The United Nations' General Assembly has decided to introduce greater transparency to the selection process for its next Secretary-General instead of being a rubber stamp to the Security Council nominee.
The Security Council will still make a single recommendation to the General Assembly but ordinary countries have demanded to be part of the process before the council makes a recommendation.
Under new rules, the presidents of the General Assembly and Security Council will write to all 193 countries setting out the process.
Candidates will declare their interest in the job, and informal meetings will be conducted with the General Assembly.
Members states will be encouraged to put forward women candidates, after eight men in the role.
Former New Zealand Prime Minister Helen Clark is almost always mentioned in news reports as a potential candidate to replace Ban Ki-moon when his second and final five-year term ends at the end of 2016.
Prime Minister John Key said he had not spoken to Ms Clark about the job recently but if she put her hand up, New Zealand would back her "100 per cent". He thought she was considering her options.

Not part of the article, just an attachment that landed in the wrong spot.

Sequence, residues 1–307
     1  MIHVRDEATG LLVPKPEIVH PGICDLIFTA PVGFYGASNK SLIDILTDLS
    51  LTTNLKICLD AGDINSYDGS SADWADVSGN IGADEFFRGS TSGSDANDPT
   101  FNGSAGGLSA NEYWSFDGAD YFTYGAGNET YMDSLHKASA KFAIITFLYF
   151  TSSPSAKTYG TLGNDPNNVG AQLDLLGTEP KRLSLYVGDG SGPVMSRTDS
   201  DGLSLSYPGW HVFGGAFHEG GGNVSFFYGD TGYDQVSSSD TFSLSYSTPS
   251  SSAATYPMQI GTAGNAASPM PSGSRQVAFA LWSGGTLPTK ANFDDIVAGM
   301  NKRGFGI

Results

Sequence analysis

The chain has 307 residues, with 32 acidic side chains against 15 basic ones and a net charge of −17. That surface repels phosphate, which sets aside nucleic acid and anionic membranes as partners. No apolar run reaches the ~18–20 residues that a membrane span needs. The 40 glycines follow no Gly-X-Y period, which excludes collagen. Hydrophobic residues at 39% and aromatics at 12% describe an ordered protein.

She is the administrator of the United Nations Development Programme, No 3 at the UN, and has consistently refused to comment on the prospect of going for the job - no one has publicly declared yet.
The current process is very much behind closed doors. The General Assembly appoints the Secretary-General on the recommendation of the Security Council - the UN's highest body and responsible for world peace and security - on which Russia, China, Britain, France and the United States have veto powers.
It has traditionally nominated one person and the job has been on a regional rotation basis. If that continued, it would be Eastern Europe's "turn" although the prospects of finding a candidate acceptable to all, including Russia, are uncertain.
Agitation for a more transparent process has come from several member groups in the UN and non-Government organisations. Last week's resolution was worked up by the Working Group on Revitalisation of the General Assembly.
• Next Secretary-General term begins 2017.
• Selection to take place 2016.
• Governments will be invited to nominate women.
• Candidates will conduct informal meetings with General Assembly.
• Security Council will make one recommendation, as now.
• General Assembly to approve, as now. Issues for next S-G: poverty reduction/climate change goals.